Enter, again, the actress novel. Scenes of attempted assault and sexual bullying typically come early in an actress novel. The early appearance of male sexual aggression can be attributed in part to the genre’s indebtedness to the familiar plot of an ingénue’s maturation (David Copperfield’s stint at the bottling factory is a familiar male-focused example). But this convention also means that their plots are able to explore the complex, protracted consequences that follow from sexual harassment and assault. In Pomfret, narrator Walter Carew is puzzled why the passionate and proud soprano Helena Porzheim submits to her manipulative singing-master Golstein, a man who schemes to marry his protegée not out of sexual interest but so that he can exploit her earnings. The reason for her submission becomes clear once he learns of her back story. Helena attempts to transform her juvenile love for singing into a career so that she can support her mother and jilted sister, yet she eschews the protection of Madame Huttenbrenner after Madame conspires with the louche Prince Caspar to give Helena patronage in exchange for sex. Helena gradually reveals the motivations that led her story to take the shape it did: she chooses what she thinks to be temporary dependence on her singing-master after refusing a far more indeterminate and objectifying dependence on Madame Huttenbrenner and her co-conspirators. Because Caspar’s attempted rape indirectly leads to Helena’s resignation to Golstein’s exploitation, Pomfret tells the story of a system in which abuse begets abuse and severely limits a working woman’s exercise of agency. At the same time, by exploring Helena’s interiority and decision-making, the novel restores to Helena the personhood Golstein and Caspar attempt to dispossess. Golstein and Caspar are not only symptoms of a corrupt system of patronage that render women like Helena vulnerable to harassment and assault; they’re also agents within a narrative structure which shape—but do not completely determine—the trajectory young woman’s life takes. #MeToo discourse should take a cue from Pomfret and other actress novels by keeping company with victims as they navigate the consequences that result from inhabiting a system in which sex is used as a tool for reinforcing their subordination. Taken as a model for constructing a narrative framework for #MeToo stories, actress novels have their limitations. By generally focusing on middle-class women, they provide little insight into how working-class women navigate a society which presumes the exploitability and expendability of their labor. They’re unable to examine the way racial inequality further disempowers black and brown women facing sexual harassment, though actress novels do attempt to say something about how gender intersects with ethnicity, even if it’s inadequate to our needs—heroines are often partly or fully non-English, as in the case of half-Italian Bianca and German-Jewish Helena. Finally, while the analysis of power the genre typically provides can offer some explanation of Kevin Spacey’s treatment of younger actors, it doesn’t explain how homosexuality might cause particular forms of vulnerability. Still, the genre has much to offer Victorianists searching for texts to bring into dialogue for #MeToo; writers searching for narrative conventions that address the complexity of institutional power; and readers searching for a framework for making sense of their discontent with previous #MeToo reporting. In an era where “sexual misconduct” has become a buzzword again, novels that explore the causes and ramifications of what The Half Sisters calls “heartless conduct” are due for a comeback.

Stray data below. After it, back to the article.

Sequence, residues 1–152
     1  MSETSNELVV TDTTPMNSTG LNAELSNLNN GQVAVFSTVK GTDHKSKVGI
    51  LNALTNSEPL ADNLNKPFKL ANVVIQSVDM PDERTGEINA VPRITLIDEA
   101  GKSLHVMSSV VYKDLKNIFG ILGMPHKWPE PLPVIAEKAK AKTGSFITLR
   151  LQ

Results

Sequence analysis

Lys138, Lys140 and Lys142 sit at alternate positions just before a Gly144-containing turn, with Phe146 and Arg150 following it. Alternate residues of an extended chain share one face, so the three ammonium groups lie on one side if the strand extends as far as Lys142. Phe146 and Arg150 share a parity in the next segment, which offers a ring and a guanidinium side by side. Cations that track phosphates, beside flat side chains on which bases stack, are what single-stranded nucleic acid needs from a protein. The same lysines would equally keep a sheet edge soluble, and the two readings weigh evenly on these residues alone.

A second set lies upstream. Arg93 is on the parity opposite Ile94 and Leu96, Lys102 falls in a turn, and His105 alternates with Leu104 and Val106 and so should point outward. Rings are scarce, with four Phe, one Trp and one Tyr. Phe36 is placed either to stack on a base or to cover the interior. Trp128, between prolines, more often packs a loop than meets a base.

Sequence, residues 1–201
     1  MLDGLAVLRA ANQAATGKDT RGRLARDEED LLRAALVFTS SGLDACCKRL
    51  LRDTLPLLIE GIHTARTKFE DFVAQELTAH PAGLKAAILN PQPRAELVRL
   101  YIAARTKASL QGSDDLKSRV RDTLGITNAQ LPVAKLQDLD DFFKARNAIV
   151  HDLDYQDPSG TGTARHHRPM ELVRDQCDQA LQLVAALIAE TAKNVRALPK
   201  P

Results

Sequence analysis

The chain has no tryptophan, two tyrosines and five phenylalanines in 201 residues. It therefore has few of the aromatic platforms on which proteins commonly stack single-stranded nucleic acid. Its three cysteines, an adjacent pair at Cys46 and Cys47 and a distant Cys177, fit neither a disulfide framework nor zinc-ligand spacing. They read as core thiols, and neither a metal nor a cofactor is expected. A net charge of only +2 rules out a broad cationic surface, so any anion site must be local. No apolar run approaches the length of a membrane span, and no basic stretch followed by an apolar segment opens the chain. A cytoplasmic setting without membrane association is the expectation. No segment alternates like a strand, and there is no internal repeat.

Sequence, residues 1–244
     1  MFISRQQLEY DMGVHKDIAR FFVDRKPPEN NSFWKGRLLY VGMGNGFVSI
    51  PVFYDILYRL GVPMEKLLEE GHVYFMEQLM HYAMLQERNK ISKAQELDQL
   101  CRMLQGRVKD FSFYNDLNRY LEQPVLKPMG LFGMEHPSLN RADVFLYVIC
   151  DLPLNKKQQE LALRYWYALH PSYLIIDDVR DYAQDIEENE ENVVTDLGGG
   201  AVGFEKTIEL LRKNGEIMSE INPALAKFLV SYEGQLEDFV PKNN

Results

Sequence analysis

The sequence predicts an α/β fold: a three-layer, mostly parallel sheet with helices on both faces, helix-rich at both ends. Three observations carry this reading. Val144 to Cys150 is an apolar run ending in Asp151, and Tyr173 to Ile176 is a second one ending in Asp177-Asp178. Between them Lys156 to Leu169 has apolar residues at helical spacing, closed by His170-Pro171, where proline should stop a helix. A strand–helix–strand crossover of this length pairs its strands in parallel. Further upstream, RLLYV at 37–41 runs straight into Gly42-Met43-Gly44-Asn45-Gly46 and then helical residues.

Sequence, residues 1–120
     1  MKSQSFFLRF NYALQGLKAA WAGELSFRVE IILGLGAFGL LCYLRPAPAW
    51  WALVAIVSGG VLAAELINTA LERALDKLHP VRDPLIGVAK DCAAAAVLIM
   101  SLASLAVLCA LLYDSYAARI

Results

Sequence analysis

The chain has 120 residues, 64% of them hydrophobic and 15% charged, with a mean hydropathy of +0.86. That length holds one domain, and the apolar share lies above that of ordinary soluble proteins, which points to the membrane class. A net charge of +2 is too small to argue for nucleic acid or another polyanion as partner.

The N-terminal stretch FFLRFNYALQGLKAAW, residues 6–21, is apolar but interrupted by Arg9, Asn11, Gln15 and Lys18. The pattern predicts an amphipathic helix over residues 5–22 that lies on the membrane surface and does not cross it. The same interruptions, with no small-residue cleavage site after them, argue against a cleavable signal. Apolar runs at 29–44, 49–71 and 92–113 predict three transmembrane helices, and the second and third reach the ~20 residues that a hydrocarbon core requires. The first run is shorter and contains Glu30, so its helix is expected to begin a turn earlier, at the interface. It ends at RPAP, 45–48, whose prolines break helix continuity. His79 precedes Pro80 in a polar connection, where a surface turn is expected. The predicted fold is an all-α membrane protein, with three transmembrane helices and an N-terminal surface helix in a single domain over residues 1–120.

https://www.hollywoodreporter.com/features/what-happened-charlie-rose-we-asked-his-friends-associates-1101333; https://www.hollywoodreporter.com/features/lines-got-blurred-jeffrey-tambor-an-up-close-look-at-harassment-claims-transparent-1108939. For an example of reporting whose sympathies lie with the accusers while taking this angle, see https://www.cosmopolitan.com/entertainment/celebs/a22853840/metoo-hollywood-men-comeback/